Proposed mercury emissions standards
By Dan Klepal
The Cincinnati Enquirer
The Ohio chapter of Physicians for Social Responsibility
said the U.S. Environmental Protection Agency's proposed
rule to restrict mercury emissions is insufficient to
protect the health of children.
Dr. Kim N. Dietrich, a professor of environmental health
and pediatrics at the University of Cincinnati College
of Medicine, has spent 27 years studying the human health
effects of mercury, particularly on children. He said
mercury is especially dangerous to a fetus, because the
toxin easily moves from mother to fetus though the placenta.
Mercury retards development of the brain and nervous
system. The chemical, which occurs naturally in coal and
other geological deposits, is released into the atmosphere
when coal is burned to make electricity and stays in the
body once it is consumed, usually by eating fish. Coal-fired
power plants are the largest source of mercury emissions
in the air, according to the U.S. EPA.
Dietrich said EPA's proposal to allow utilities to buy
and sell pollution emission credits comes at a time when
health studies show serious neurological problems resulting
from exposure to low levels of mercury.
The EPA has proposed two alternatives to the rule, with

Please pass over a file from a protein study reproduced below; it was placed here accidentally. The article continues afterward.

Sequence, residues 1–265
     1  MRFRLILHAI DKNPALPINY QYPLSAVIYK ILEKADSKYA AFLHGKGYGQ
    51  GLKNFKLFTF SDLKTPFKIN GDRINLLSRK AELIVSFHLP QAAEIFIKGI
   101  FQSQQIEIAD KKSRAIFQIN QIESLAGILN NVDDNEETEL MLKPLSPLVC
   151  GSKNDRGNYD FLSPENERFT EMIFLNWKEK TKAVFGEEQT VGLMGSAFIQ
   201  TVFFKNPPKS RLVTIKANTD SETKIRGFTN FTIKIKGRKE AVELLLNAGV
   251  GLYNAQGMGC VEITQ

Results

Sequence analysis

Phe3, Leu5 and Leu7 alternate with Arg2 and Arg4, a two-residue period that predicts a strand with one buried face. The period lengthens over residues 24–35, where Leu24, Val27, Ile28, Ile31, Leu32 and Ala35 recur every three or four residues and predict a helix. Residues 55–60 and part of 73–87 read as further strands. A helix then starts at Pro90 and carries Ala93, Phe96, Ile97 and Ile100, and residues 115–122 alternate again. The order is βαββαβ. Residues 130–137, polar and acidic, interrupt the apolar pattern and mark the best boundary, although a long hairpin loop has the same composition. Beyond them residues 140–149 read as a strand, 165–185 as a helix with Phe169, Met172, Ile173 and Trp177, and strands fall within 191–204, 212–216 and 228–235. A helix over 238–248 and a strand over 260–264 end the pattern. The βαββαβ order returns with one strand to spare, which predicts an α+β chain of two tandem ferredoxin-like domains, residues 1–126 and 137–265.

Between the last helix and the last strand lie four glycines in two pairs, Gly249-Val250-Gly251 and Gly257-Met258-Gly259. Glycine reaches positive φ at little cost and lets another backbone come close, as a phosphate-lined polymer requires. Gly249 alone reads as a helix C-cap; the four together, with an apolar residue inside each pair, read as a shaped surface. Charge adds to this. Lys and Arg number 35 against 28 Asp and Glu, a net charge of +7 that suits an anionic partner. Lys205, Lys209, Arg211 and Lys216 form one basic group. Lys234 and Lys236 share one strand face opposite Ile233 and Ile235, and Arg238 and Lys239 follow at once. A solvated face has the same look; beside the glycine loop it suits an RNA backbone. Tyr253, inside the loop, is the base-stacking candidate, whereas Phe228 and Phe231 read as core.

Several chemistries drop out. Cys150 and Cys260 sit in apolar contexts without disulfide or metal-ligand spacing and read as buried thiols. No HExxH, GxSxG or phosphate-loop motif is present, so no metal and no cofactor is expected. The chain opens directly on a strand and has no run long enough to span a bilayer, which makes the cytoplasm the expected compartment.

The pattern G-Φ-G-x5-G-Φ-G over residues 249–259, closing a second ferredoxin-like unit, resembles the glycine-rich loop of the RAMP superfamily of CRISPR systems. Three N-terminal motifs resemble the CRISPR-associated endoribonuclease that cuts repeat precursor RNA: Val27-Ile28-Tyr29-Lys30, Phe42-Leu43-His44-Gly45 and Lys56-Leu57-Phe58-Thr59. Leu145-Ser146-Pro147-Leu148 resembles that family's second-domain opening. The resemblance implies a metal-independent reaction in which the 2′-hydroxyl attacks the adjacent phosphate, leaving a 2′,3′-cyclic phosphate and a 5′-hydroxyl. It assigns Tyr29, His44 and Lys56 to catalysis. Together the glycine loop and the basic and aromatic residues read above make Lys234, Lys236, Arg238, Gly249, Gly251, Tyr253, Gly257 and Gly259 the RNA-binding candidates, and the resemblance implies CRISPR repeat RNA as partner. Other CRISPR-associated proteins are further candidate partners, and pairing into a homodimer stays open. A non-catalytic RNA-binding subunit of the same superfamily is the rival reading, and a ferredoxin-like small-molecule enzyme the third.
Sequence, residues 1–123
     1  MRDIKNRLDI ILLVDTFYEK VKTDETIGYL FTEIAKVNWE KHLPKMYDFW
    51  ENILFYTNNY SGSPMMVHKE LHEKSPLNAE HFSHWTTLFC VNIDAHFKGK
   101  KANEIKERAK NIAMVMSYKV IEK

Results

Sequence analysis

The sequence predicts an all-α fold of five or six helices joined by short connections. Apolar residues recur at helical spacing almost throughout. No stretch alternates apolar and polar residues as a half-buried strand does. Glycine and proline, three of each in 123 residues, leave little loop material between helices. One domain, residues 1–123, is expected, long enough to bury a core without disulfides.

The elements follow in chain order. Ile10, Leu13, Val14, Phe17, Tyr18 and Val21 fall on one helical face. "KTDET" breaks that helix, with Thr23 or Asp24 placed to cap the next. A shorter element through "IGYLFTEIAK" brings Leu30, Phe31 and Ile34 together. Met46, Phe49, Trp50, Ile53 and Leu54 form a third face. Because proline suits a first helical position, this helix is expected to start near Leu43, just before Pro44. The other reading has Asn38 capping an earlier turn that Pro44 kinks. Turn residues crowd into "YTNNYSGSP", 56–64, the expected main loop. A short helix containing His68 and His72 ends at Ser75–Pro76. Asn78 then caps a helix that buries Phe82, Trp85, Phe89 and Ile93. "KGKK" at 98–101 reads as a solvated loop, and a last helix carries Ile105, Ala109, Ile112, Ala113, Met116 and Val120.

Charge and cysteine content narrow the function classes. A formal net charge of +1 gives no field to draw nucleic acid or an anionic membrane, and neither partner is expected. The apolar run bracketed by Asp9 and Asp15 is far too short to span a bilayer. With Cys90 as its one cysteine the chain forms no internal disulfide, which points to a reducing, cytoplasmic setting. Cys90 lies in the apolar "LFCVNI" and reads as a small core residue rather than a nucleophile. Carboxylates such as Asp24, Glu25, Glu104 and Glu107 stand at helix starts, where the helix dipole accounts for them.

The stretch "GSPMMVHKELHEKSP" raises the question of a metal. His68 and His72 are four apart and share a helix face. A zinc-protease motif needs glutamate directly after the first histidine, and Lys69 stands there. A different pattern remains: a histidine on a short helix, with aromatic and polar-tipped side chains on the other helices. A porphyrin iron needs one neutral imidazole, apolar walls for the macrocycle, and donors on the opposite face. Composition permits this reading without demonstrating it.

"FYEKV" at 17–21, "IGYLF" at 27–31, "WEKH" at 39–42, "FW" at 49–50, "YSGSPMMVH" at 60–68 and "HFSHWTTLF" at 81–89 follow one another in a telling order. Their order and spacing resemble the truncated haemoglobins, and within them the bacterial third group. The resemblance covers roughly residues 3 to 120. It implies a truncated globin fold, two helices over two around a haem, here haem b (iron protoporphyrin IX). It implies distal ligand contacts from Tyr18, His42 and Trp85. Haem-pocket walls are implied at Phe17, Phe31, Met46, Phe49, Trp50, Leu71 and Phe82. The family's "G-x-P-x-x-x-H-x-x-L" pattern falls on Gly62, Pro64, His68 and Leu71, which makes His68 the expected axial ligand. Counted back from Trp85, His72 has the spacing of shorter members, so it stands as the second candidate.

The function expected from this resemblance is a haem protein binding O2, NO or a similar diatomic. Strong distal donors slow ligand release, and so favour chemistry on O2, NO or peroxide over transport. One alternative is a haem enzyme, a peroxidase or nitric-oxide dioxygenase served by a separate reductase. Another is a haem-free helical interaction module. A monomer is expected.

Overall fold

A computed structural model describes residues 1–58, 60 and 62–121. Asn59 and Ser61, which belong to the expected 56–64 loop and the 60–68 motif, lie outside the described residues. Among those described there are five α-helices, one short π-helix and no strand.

the goal of reducing mercury emissions by 70 percent by
2018. Environmental groups say that's not enough, and
that forcing power plants to retroactively install pollution
controls to go along with their plant expansions would
reduce mercury emissions by 90 percent by 2007.
An EPA spokesman said the agency is taking public comments
on the issue until the end of April. The new rule will
take effect in December. EPA Administrator Michael O.
Leavitt told the New York Times Monday that it could take
an extra decade to reduce mercury emissions by 70 percent
under the cap-and-trade approach. Leavitt has asked his
staff to do more study on the pollution control technologies
on the market and their cost.
"The situation now is intolerable," said Glen
Brand, Midwest representative for the Sierra Club. "Ohio
warns the public to limit their consumption of fish from
every local waterway. That's simply not acceptable."
The alternative to the rule favored by many environmentalists
would require utilities to install the best available
pollution control technologies used by the power plants
with the lowest emissions in the country.
Brand said the cap-and-trade idea would create hot spots
near power plants that purchase the right to pollute more.
This is a particularly important decision in Greater Cincinnati,
where there are four power plants, in Hamilton, Butler,
Warren and Clermont counties. Cinergy also operates power
plants in Kentucky and Indiana.
Ohio's coal-fired power plants emitted more than 8,000
pounds of mercury in 2000 - the most of any Great Lakes
state, according to EPA statistics. Indiana was second
with 5,735 pounds of mercury emitted.